http://arstechnica.com/security/2015/02/psa-your-crypto-apps-are-useless-unless-you-check-them-for-backdoors/ By Dan Goodin Ars Technica Feb 4, 2015 At the beginning of the year, I did something I’ve never done before: I made a new year’s resolution. From here on out, I pledged, I would install only digitally signed software I could verify hadn’t been tampered with by someone sitting between me and the website that made it available for download. It seemed like a modest undertaking, but in practice, it has already cost me a few hours of lost time. With practice, it’s no longer the productivity killer it was. Still, the experience left me smarting. In some cases, the extra time I spent verifying signatures did little or nothing to make me more secure. And too many times, the sites that took the time to provide digital signatures gave little guidance on how to use them. Even worse, in one case, subpar security practices of some software providers undercut the protection that’s supposed to be provided with digitally signed code. And in one extreme case, I installed the Adium instant messaging program with no assurance at all, effectively crossing my fingers that it hadn’t been maliciously modified by state-sponsored spies or criminally motivated hackers. More about those deficiencies later—let’s begin first with an explanation of why digital signatures are necessary and how to go about verifying them. By now, most people are familiar with man-in-the-middle attacks. They’re waged by someone with the ability to monitor traffic passing between an end user and a website—for instance, a hacker sniffing an unsecured Wi-Fi connection or the National Security Agency sniffing the Internet backbone. When the data isn’t encrypted, the attacker can not only read private communications but also replace legitimate software normally available for download with maliciously modified software. If the attack is done correctly, the end user will have no idea what’s happening. Even when Web connections are encrypted with the HTTPS standard, highly skilled hackers still may be able to seed a website with malicious counterfeit downloads. That’s where digital signatures come in. A prime candidate for such an attack is the OTR plugin for the Pidgin instant messenger. It provides the means to encrypt messages so (1) they can’t be read by anyone monitoring the traffic sent between two parties and (2) each party can know for sure that the person on the other end is, in fact, who she claims to be. Fortunately, the OTR installer is provided through an encrypted HTTPS connection, which goes a long way to thwarting would-be man-in-the-middle attackers. But strict security practices require more, especially for software as sensitive as OTR. That’s why the developers included a GPG signature users can check to verify that the executable file hasn’t been altered in any way. […]


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[ISN] Australian infosec budgets are probably wrong: Deloitte

http://www.zdnet.com/article/australian-infosec-budgets-are-probably-wrong-deloitte/ By Stilgherrian ZDNet News February 4, 2015 Australian organisations are lagging when it comes to shifting the focus of their information security efforts from merely securing their networks to detecting intrusions, responding to them, and building resilience, according to senior security and risk executives from Deloitte, the international consulting firm. Deloitte divides an organisation’s infosec spend into three areas, each labelled with an adjective. “Secure” is the technology that protects critical assets against known and emerging threats across the ecosystem. This includes traditional network protection capabilities such as firewalls, anti-malware and anti-spam systems, and intrusion detection and prevention systems (IDS/IPS). “Vigilant” is about having the intelligence and monitoring capabilities to detect both known and unknown bad-guy activities, and understanding the extent to which they’re a risk to the business. […]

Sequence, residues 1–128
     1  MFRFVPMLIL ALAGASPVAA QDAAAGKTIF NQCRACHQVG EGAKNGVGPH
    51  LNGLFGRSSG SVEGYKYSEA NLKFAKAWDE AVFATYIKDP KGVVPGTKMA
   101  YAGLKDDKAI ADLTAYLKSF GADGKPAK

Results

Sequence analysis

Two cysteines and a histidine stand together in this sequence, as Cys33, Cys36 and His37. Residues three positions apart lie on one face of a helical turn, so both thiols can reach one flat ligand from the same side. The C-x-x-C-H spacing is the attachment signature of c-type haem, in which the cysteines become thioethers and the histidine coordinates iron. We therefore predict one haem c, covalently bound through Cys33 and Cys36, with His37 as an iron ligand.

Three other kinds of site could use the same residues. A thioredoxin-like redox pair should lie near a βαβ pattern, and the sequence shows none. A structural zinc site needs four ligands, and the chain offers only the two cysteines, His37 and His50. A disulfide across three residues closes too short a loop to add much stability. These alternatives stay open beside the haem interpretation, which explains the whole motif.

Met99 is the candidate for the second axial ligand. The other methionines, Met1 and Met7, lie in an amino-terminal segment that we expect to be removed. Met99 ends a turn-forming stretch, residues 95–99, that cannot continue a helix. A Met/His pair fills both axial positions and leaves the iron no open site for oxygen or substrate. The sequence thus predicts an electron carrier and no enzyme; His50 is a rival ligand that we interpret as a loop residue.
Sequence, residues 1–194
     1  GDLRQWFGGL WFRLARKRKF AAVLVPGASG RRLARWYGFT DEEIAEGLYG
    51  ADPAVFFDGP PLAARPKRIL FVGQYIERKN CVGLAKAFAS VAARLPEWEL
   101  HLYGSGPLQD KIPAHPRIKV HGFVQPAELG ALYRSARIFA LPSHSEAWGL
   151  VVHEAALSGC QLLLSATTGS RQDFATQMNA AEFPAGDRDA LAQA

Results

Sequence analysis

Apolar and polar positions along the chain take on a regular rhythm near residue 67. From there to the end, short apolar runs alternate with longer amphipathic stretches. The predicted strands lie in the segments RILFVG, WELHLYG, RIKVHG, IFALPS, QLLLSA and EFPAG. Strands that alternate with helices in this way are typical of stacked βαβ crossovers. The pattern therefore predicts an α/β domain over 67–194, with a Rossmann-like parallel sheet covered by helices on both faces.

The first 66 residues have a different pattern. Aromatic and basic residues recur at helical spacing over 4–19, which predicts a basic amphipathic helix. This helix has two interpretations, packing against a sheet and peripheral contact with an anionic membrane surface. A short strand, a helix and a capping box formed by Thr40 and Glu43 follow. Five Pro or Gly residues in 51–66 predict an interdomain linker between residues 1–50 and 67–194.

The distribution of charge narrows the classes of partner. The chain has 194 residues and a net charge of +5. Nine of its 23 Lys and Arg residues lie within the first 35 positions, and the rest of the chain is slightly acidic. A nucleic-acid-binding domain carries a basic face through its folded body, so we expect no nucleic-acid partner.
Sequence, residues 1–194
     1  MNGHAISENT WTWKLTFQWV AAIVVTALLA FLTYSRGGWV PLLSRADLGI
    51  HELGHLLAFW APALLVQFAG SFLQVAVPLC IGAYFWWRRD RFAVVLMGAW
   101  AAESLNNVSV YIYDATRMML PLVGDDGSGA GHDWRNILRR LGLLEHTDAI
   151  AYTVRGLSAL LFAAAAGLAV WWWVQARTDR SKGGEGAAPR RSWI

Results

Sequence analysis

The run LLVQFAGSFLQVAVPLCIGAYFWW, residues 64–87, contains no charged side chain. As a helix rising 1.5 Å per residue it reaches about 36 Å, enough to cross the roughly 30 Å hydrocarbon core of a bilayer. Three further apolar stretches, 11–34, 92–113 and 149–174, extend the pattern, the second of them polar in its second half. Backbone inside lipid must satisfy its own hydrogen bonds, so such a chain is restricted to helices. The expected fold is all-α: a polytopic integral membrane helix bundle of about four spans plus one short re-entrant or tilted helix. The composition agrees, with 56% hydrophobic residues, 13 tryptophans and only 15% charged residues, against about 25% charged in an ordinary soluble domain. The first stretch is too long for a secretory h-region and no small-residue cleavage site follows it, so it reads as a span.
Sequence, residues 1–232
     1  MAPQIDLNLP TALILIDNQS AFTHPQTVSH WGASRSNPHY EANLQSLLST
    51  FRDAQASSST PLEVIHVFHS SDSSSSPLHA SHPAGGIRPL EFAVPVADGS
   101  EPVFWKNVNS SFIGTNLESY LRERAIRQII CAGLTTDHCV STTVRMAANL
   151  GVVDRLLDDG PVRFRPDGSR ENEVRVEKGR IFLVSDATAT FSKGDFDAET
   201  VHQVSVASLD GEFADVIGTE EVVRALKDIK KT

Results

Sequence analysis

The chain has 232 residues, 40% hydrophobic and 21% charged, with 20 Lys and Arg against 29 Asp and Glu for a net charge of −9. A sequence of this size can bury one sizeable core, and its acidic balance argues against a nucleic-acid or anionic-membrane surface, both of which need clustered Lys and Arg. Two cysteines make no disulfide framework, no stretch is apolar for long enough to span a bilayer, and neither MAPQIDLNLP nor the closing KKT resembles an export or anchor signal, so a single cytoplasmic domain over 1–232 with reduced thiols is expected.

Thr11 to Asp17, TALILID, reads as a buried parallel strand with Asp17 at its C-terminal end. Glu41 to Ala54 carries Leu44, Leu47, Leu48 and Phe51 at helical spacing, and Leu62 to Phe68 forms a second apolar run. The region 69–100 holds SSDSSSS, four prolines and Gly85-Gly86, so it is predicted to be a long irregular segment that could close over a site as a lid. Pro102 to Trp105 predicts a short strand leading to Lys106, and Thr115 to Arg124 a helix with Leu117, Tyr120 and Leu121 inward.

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[ISN] What every utility should know about the new physical security standard

http://www.intelligentutility.com/article/15/01/what-every-utility-should-know-about-new-physical-security-standard By William E. Reiter intelligentutility.com Jan 29, 2015 On April 16, 2013, an incident in San Jose, California, led to development of a new physical security standard for owners and operators of transmission stations and substations. In the 2013 incident, a sniper attack on a Pacific Gas & Electric transmission substation knocked out 17 large transformers that powered Silicon Valley. The sniper attack served as a dramatic wake-up call for the industry and raised fears regarding the vulnerability of the nation’s power grid to terrorist attack. The more than 160,000 transmission line miles that comprise the U.S. power grid are designed to handle natural and man-made disasters, as well as fluctuations in demand; but what about physical attack? As a result of the San Jose assault, the Federal Energy Regulatory Commission (FERC) in April 2014 required the North America Energy Reliability Corporation (NERC) to establish Critical Infrastructure Protection (CIP) standards to “address physical security risks and vulnerabilities related to the reliable operation” of the bulk power system. NERC developed and issued what is now commonly referred to as CIP-014-1. This is a physical security standard that has a stated purpose to identify and protect transmissions stations and transmission substations and their associated primary control centers that—if rendered inoperable or damaged as a result of a physical attack—could result in uncontrolled separation or cascading within an interconnection. […]